Writing for Alan Keyes’s group Renew America today, conservative pundit Selwyn Duke says that he was disgusted by First Lady Michelle Obama’s recent speech commemorating the Brown v. Board of Education ruling.
Duke writes that the first lady, instead of condemning segregation and slavery, should be grateful and “kiss the ground trod by our ancestors and thank God for our civilization's existence.”
“Really, this all reminds me of how no good deed goes unpunished,” he adds.
Tony Bennett left his heart in San Francisco – and Michelle Obama left her brain in 1954.
Addressing graduating high-school students the other day in the Topeka, Kansas, school district, the federal lunch lady said, referring to the Brown v. Board of Education decision, "[Y]our experience here in Topeka would have been unimaginable back in 1954...." And perhaps this is true.
It also would have been unimaginable back in 1554 or 954. After all, the institutions making that experience possible hadn't been birthed yet.
You know, those institutions created by European/ European-descent civilization.
That civilization that Darth Vegan is tacitly impugning with her racial agitation.
The point is that if you're going to talk about the past, don't tendentiously cherry-pick it for destructive ideological purposes. It's much as discussion about slavery. Not only is the focus always on the less than one percent of the history of slavery that was written in the US (it's one of the world's oldest institutions), but the most significant point is missed: Whites were not the first to practice slavery.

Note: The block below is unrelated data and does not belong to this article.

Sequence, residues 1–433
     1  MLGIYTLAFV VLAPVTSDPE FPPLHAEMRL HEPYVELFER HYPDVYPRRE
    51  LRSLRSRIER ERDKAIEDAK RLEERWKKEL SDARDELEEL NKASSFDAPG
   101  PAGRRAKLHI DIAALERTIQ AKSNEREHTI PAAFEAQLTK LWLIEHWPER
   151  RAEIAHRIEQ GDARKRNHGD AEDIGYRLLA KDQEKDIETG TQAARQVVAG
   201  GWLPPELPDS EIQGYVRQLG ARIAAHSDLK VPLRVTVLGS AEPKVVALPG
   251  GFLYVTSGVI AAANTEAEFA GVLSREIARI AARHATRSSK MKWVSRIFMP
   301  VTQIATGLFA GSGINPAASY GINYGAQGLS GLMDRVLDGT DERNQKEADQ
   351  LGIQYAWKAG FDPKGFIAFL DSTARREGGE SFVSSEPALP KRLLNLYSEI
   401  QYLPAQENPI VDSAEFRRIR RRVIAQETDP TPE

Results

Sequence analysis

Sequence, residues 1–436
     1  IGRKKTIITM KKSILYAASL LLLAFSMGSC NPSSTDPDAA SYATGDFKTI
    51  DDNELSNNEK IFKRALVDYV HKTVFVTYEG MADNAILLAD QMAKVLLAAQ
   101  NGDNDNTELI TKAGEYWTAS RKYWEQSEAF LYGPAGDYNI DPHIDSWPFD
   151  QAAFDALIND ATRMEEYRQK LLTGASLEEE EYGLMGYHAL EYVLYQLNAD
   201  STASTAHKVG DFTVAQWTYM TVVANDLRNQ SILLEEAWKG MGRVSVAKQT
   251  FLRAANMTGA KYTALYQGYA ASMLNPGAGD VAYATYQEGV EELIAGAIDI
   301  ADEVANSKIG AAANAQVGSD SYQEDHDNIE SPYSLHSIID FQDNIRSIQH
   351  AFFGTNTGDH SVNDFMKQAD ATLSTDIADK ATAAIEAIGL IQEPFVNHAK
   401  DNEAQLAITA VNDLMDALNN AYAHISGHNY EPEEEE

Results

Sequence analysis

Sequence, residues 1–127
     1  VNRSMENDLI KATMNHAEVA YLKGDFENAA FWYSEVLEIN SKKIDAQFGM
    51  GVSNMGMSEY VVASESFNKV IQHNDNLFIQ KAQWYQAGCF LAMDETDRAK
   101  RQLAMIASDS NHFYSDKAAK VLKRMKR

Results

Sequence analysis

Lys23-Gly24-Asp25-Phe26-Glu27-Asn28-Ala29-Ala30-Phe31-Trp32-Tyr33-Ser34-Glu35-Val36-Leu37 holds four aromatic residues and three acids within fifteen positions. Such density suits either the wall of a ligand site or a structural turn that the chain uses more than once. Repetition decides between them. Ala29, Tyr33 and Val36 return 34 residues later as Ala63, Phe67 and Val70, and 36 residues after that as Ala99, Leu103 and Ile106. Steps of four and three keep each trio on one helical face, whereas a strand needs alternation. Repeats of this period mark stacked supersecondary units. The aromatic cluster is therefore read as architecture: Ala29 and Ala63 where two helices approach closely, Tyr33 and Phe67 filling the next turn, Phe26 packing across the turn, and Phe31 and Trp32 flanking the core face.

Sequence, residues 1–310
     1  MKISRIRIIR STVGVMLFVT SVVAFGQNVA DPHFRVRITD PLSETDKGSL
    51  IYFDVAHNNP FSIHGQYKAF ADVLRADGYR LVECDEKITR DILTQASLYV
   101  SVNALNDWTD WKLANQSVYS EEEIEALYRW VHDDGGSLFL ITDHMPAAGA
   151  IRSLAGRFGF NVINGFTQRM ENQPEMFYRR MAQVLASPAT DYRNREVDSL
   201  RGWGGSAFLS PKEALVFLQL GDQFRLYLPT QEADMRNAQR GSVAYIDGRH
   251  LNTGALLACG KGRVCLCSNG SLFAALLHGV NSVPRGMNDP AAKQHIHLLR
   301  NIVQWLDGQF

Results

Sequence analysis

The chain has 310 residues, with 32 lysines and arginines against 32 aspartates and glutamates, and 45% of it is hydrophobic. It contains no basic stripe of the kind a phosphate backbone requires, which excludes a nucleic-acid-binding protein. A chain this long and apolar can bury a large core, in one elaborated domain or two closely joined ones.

But they were the first to abolish it.
If some take offense at this, they can pound sand. I take offense at the constant derision aimed at my civilization by critics who should get down on their knees, kiss the ground trod by our ancestors and thank God for our civilization's existence. Where else could effete ne'er do wells complain about injustice while living a life of silk, satin and Sidwell Friends and dining on Kobe beef?
Really, this all reminds me of how no good deed goes unpunished.